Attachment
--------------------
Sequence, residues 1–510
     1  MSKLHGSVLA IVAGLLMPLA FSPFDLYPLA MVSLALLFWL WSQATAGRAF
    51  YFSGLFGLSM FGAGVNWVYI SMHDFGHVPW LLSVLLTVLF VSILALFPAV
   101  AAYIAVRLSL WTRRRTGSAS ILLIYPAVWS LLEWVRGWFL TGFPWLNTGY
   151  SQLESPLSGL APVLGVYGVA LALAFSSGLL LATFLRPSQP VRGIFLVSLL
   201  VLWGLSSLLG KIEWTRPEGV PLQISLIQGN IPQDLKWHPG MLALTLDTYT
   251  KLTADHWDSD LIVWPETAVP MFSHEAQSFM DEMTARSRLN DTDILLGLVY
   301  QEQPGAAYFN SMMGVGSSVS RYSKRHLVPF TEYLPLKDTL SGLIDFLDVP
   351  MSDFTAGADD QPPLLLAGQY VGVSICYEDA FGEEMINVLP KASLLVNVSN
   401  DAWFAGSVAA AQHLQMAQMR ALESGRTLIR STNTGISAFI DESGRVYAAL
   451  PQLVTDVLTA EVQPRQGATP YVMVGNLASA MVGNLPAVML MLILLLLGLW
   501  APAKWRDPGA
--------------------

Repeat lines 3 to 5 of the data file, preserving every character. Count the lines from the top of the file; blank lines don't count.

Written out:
    51  YFSGLFGLSM FGAGVNWVYI SMHDFGHVPW LLSVLLTVLF VSILALFPAV
   101  AAYIAVRLSL WTRRRTGSAS ILLIYPAVWS LLEWVRGWFL TGFPWLNTGY
   151  SQLESPLSGL APVLGVYGVA LALAFSSGLL LATFLRPSQP VRGIFLVSLL